On April 11, the House passed a new taxpayer rights bill (H.R. 4163) that would provide taxpayers with additional protections when having to deal with the IRS. The measure is a follow-up to the Internal Revenue Service Restructuring and Reform Act of 1998.
Under this most recent measure, penalties on unpaid taxes would be reduced and penalties or interest charged would be eliminated when the IRS causes a mistake or an unreasonable delay during a tax investigation. It also aims to clarify rules about the disclosure of tax return information. For example, the measure would provide for judicial review of an IRS decision to withhold the release of information on a return. The IRS would also be required to let taxpayers know whenever their returns have been inspected or when tax information has been disclosed illegally.
While this bill promises some improvements when dealing with the IRS, its disclosure provisions may not be especially beneficial for business owners, says Mark Luscombe, principal federal tax analyst with CCH Inc., a Riverwoods, Illinois-based provider of tax and business law information. As now drafted, the bill raises concerns that "too much confidential tax information would be disclosed in an administrative tax proceeding," he explains. For example, tax return information might be disclosed during situations where the IRS is scrutinizing cash payments to partners in a partnership.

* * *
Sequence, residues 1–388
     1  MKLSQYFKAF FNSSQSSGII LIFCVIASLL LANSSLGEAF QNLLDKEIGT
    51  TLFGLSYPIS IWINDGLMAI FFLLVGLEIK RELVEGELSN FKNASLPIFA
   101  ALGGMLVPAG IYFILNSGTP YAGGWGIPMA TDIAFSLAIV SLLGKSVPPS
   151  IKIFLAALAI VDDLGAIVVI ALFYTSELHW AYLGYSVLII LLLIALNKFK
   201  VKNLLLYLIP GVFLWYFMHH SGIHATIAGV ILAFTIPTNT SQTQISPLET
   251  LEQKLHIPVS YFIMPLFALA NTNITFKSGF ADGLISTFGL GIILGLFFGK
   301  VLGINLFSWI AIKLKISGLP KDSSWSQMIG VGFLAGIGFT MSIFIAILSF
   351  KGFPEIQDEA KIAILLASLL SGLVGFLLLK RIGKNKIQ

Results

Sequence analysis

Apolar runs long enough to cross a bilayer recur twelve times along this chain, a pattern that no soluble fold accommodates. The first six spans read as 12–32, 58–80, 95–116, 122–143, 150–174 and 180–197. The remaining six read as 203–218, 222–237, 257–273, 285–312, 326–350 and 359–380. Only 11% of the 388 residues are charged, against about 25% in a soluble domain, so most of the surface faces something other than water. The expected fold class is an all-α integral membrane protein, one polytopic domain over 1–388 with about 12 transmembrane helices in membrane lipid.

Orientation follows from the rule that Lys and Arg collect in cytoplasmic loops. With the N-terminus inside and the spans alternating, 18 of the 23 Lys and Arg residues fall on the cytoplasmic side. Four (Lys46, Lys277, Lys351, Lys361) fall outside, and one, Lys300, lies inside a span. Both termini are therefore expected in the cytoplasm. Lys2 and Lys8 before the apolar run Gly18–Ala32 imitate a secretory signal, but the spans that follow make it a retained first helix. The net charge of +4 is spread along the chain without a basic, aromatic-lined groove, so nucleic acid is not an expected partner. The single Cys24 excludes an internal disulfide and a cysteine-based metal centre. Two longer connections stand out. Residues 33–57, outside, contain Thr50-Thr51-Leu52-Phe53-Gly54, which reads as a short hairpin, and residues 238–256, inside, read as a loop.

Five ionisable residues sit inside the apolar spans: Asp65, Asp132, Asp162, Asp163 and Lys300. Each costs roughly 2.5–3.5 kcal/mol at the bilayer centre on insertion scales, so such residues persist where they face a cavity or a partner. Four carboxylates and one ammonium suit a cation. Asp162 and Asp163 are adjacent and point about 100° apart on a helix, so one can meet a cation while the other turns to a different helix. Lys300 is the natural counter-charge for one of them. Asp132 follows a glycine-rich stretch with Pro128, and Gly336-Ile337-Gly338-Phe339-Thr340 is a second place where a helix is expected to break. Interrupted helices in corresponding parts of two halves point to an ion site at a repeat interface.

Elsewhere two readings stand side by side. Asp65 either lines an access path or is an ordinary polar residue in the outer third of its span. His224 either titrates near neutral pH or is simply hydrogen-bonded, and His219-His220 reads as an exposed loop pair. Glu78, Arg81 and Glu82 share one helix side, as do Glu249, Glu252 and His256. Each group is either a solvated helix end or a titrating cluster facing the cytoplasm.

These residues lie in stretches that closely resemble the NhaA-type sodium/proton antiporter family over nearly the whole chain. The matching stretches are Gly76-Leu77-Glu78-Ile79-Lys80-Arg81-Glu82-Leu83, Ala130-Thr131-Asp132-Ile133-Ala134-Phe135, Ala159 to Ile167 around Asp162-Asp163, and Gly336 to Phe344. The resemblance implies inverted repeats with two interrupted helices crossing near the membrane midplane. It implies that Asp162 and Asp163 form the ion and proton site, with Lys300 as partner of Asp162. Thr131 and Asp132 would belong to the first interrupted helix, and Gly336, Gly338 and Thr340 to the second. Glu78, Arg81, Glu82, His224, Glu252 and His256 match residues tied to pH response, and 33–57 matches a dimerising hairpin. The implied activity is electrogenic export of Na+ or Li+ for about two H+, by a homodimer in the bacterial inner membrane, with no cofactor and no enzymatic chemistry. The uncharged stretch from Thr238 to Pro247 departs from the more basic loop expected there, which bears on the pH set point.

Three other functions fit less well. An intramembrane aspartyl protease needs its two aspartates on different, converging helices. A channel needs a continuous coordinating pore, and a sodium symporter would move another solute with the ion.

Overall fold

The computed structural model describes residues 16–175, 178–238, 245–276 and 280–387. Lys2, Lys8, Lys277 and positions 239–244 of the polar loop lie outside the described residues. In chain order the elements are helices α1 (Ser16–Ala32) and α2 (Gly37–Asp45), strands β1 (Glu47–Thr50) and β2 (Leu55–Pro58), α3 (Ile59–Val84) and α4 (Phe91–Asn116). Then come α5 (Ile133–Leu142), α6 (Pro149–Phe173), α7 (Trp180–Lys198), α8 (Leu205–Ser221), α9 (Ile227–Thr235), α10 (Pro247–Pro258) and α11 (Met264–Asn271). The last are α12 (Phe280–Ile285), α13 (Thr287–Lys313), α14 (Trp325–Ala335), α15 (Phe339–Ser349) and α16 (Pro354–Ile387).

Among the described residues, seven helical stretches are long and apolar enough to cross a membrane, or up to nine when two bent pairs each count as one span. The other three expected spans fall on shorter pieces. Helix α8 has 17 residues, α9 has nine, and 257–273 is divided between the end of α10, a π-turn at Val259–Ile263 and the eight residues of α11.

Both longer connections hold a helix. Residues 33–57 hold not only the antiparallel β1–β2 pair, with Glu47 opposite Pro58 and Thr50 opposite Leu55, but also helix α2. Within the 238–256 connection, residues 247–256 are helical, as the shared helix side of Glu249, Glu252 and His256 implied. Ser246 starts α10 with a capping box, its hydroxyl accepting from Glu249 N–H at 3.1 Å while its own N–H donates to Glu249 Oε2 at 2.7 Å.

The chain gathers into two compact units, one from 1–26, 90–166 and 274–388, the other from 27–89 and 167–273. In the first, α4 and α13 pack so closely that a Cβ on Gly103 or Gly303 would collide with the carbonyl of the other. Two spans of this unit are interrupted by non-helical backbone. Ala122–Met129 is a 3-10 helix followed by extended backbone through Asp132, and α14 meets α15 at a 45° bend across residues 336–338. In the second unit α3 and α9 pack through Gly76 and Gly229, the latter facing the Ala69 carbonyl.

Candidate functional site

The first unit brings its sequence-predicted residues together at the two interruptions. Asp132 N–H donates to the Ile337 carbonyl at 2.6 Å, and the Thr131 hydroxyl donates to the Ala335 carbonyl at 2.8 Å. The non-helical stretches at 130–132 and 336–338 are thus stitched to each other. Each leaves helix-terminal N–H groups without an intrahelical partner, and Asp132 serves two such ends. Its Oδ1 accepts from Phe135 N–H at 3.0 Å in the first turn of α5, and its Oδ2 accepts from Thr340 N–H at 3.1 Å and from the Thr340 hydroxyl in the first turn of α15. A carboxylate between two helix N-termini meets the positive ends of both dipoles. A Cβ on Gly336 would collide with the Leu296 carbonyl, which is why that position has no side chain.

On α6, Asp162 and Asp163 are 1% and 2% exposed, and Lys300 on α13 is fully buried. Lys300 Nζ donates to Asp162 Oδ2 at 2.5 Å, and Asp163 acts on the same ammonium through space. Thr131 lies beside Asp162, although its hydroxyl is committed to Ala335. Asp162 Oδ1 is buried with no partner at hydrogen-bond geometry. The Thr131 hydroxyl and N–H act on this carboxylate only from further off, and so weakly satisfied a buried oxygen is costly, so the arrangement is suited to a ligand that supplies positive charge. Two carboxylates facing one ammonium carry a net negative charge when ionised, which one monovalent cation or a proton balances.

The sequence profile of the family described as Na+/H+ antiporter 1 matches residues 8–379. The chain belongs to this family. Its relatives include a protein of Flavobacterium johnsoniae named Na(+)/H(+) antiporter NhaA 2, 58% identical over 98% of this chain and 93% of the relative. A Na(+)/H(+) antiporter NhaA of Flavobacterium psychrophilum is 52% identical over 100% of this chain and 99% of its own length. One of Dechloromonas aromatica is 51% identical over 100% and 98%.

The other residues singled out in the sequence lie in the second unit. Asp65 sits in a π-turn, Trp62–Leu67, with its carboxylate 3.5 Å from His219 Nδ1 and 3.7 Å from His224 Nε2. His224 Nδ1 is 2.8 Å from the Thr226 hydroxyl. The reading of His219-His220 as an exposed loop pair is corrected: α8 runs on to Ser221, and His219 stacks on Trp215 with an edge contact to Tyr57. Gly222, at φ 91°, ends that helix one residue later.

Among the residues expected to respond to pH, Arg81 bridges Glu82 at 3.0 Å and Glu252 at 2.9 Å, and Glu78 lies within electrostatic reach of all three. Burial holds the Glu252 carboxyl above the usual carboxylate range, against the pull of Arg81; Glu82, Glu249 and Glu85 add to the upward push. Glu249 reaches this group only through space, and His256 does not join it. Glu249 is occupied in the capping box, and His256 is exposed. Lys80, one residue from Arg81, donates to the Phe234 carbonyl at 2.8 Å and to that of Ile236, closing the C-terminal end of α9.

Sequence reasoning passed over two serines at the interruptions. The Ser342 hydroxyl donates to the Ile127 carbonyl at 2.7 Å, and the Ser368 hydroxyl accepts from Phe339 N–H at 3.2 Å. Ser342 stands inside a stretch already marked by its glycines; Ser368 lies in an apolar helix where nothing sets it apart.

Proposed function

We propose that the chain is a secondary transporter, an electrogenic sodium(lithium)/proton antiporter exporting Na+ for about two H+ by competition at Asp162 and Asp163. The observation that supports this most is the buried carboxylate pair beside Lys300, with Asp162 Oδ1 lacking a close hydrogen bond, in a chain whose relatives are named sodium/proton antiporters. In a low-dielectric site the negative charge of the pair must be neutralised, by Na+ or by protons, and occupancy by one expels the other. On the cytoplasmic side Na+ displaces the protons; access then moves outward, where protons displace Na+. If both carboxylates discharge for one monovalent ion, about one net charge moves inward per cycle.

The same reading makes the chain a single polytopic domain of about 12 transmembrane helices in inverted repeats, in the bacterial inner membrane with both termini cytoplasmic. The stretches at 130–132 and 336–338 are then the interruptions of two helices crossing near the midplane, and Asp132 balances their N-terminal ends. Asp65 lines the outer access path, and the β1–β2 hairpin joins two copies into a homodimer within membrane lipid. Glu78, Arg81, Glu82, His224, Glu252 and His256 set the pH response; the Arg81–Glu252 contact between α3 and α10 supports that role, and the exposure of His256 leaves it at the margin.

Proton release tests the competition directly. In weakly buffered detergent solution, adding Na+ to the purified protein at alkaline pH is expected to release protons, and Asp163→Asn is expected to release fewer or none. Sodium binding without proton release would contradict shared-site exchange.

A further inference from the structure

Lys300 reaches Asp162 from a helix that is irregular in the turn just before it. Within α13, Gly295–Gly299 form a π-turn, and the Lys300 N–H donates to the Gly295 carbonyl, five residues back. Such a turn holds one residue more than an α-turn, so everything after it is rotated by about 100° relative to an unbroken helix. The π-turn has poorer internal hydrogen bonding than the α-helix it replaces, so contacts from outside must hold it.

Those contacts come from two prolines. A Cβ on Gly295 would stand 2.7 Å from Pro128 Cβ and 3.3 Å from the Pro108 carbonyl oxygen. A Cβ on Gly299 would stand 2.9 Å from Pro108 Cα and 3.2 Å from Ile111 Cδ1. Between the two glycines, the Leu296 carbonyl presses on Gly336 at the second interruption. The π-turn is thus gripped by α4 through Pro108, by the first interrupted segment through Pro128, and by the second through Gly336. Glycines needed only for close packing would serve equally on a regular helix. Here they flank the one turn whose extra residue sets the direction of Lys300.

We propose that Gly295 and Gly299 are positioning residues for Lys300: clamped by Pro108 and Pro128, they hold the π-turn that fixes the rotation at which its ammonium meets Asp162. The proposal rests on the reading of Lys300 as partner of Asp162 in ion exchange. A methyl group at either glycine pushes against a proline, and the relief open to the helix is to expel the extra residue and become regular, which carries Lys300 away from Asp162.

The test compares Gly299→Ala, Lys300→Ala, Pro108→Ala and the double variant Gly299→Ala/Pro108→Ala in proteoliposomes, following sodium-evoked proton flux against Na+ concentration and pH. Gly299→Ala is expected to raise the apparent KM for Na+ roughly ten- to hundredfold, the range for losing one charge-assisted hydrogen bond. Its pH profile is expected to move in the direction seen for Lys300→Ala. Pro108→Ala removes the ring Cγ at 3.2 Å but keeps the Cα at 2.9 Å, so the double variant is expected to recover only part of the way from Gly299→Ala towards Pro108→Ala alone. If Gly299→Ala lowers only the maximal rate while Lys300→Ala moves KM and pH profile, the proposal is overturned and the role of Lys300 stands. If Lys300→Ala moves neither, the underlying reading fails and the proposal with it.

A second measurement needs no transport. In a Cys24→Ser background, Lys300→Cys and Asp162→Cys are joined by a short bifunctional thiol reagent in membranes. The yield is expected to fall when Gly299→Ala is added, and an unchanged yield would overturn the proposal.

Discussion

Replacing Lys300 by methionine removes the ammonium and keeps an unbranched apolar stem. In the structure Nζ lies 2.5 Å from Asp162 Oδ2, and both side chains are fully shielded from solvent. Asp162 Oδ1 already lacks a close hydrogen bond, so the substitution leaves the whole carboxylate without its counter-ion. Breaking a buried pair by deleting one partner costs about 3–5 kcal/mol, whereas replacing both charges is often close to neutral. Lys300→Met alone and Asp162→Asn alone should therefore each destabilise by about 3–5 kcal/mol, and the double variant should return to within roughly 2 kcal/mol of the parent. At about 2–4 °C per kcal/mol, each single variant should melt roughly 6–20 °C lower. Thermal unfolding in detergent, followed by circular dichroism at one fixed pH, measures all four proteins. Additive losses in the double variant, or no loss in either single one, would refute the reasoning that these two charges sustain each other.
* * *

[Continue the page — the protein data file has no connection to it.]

The White House responded to the legislation by saying the admin-istration is committed to strengthening taxpayer rights and will continue to work with Congress and the IRS to ensure that taxpayers receive the best service possible. Nevertheless, the Clinton administration's Office of Management and Budget (OMB) did register some objections. It's specifically concerned about a provision that would allow an exclusion from income for interest received on overpayments of tax. OMB claims that dishonest taxpayers would have an incentive to "invest" with the IRS by "intentionally overpaying their taxes in order to receive this tax-free interest."
OMB says it's possible that Congress can address these concerns by modifying the bill. If the changes meet OMB's satisfaction, analysts predict this new taxpayer rights bill could be one of a number of provisions in a tax measure that Congress is likely to clear this session.
While the House usually passes smaller tax measures, "the Senate tends to gather all the little tax bills the House has passed and put them together in one big bill for consideration," says Luscombe. But there are, of course, still no assurances that even if a bill passes, it will actually see the light of day. "There could be another situation like last year," he explains, "where Congress came up with a big tax bill, but the president vetoed it."
- Employers Council on Flexible Compensation, www.ecfc.org